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Overview

Endometriosis - Symptom, Treatment And Causes

What is Endometriosis?

Endometriosis is an extremely painful disorder where the tissues which lines the inside of the uterus (endometrium) starts growing on the outside of the uterus (womb). Endometriosis usually includes the tissues lining the pelvis, fallopian tubes and our ovaries. During Endometriosis, the endometrial tissues breaks down and bleeds as it normally would. This tissue doesn’t have any way to exit from the body so it gets trapped. Endometriosis causes chronic pain during your periods. Sometimes, fertility can also be affected and it might create issues during conceiving a baby.

What causes Endometriosis?

The exact cause of Endometriosis is not yet known but studies suggest that it can be caused due to some factors such as:

  • Retrograde menstruation- In this condition, menstrual blood that contains endometrial cells usually flow back into the pelvic cavity through the fallopian tubes instead of passing out from the body. These endometrial cells stick to the pelvic organs and pelvic walls where they thicken and start bleeding over the course of the menstrual cycle.
  • Changing of the peritoneal cells- This is also called induction theory. Endometriosis can be caused due to the transformation of peritoneal cells.
  • Embryonic transformation of cells- Hormones like estrogen can transform embryonic cells in the early stages.
  • Surgical scar implantation- After a surgery like C-section or hysterectomy, the endometrial cells can attach itself to a surgical incision.
  • Endometrial cells transport- The tissue fluid (lymphatic) or blood vessels can transport the endometrial cells to other body parts.
  • Immune system disorder- If there is a problem with the immune system, it may make the body impossible to destroy and recognize the endometrial tissue which grows outside the uterus.

Risk factors that make you more susceptible in developing Endometriosis is:

  • Not giving birth.
  • Starting your period very early in life.
  • Having your menopause at a very old age.
  • Menstrual cycle less than 27 days.
  • High levels of estrogen in your body or exposure to a high level of estrogen produced by your body.
  • Low body mass
  • Excessive Alcohol consumption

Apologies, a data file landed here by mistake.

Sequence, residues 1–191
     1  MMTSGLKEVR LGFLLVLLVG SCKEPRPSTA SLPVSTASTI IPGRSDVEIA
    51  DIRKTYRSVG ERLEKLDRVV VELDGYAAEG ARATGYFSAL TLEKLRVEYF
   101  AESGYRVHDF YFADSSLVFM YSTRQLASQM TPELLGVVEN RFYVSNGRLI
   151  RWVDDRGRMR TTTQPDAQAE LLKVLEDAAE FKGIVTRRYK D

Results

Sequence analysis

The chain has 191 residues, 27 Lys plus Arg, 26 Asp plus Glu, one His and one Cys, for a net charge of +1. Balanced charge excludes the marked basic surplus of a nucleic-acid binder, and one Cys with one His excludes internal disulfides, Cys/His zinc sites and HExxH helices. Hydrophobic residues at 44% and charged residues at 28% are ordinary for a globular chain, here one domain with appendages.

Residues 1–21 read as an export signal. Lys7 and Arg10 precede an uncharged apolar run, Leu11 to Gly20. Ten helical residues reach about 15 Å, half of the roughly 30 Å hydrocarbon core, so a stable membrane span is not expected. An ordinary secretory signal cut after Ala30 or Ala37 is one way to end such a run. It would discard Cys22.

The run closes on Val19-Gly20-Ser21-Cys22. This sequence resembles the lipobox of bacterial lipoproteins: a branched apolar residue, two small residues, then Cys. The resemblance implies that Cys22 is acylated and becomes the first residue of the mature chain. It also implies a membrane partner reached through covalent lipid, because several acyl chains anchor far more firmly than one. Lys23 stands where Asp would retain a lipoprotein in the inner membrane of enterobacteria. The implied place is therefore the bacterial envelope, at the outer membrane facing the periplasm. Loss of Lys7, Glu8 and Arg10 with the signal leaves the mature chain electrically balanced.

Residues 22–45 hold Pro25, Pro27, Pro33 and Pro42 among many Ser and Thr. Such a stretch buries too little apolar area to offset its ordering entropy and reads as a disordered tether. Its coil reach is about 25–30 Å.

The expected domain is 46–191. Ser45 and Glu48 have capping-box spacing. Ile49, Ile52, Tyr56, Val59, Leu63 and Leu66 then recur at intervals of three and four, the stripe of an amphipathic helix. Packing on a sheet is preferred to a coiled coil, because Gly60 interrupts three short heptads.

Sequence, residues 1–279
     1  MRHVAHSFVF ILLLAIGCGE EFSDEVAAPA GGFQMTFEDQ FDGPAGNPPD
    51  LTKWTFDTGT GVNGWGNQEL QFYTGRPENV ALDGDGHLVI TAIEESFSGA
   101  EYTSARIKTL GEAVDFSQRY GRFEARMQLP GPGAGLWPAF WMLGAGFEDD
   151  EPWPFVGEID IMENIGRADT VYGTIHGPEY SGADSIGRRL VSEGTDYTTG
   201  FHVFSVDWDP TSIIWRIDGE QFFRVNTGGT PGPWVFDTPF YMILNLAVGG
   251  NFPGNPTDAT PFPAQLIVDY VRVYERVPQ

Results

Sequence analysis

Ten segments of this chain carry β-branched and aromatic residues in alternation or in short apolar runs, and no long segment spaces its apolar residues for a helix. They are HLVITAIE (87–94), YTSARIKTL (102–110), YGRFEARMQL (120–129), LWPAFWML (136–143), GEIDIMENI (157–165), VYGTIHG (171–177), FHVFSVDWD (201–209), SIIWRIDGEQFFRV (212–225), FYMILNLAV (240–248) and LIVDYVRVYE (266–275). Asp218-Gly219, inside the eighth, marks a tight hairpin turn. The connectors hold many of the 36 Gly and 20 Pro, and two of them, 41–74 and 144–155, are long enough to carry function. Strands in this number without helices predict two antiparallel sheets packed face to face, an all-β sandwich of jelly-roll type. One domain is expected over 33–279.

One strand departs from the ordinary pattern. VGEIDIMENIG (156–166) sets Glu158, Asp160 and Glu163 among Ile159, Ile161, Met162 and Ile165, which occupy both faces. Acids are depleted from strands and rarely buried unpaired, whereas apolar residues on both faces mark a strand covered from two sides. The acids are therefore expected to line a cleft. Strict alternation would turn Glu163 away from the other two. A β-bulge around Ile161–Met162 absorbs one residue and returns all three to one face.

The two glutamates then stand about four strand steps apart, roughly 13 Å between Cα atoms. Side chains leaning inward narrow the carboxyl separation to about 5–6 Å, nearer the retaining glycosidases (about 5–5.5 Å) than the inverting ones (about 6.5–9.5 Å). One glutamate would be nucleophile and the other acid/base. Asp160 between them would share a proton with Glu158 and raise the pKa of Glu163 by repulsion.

• One or more family members having Endometriosis.
  • A medical condition which avoids the passage of menstrual blood out of the body.
  • Abnormalities in the uterus (womb).

The symptoms of Endometriosis can end permanently if you experience menopause and can end temporarily if you get pregnant. Taking estrogen supplements can also trigger Endometriosis in some women.

Treatable by medical professional Require medical diagnosis Lab test always required Chronic: can last for years or be lifelong
Symptoms
Pain in lower abdomen. Lower abdomenal cramps. Menstrual irregularities.

Popular Health Tips

Signs and Symptoms You Might Be Suffering From Endometriosis

MBBS Bachelor of Medicine and Bachelor of Surgery, MS - Obstetrics and Gynaecology
Gynaecologist, Jaipur
Signs and Symptoms You Might Be Suffering From Endometriosis

Endometriosis is an often painful disorder in which tissue that normally lines the inside of your uterus — the endometrium — grows outside your uterus. Endometriosis most commonly involves your ovaries, fallopian tubes and the tissue lining your pelvis. Rarely, endometrial tissue may spread beyond pelvic organs.

With endometriosis, displaced endometrial tissue continues to act as it normally would — it thickens, breaks down and bleeds with each menstrual cycle. Because this displaced tissue has no way to exit your body, it becomes trapped. When endometriosis involves the ovaries, cysts called endometriomas may form. Surrounding tissue can become irritated, eventually developing scar tissue and adhesions — abnormal bands of fibrous tissue that can cause pelvic tissues and organs to stick to each other.

Endometriosis can cause pain — sometimes severe — especially during your period. Fertility problems also may develop. Fortunately, effective treatments are available.

Symptoms

The primary symptom of endometriosis is pelvic pain, often associated with your menstrual period. Although many women experience cramping during their menstrual period, women with endometriosis typically describe menstrual cramp that's far worse than usual. They also tend to report that the pain increases over time.

Common Signs and Symptoms of Endometriosis may include:

  • Painful periods (dysmenorrhea). Pelvic pain and cramping may begin before your period and extend several days into your period. You may also have lower back and abdominal pain.

  • Pain with intercourse. Pain during or after sex is common with endometriosis.

  • Pain with bowel movements or urination. You're most likely to experience these symptoms during your period.

  • Excessive bleeding. You may experience occasional heavy periods (menorrhagia) or bleeding between periods (menometrorrhagia).

  • Infertility. Endometriosis is first diagnosed in some women who are seeking treatment for infertility.

  • Other symptoms. You may also experience fatigue, diarrhea, constipation, bloating or nausea, especially during menstrual periods.

The severity of your pain isn't necessarily a reliable indicator of the extent of the condition. Some women with mild endometriosis have intense pain, while others with advanced endometriosis may have little pain or even no pain at all.

Endometriosis is sometimes mistaken for other conditions that can cause pelvic pain, such as pelvic inflammatory disease (PID) or ovarian cysts. It may be confused with irritable bowel syndrome (IBS), a condition that causes bouts of diarrhea, constipation and abdominal cramping. IBS can accompany endometriosis, which can complicate the diagnosis.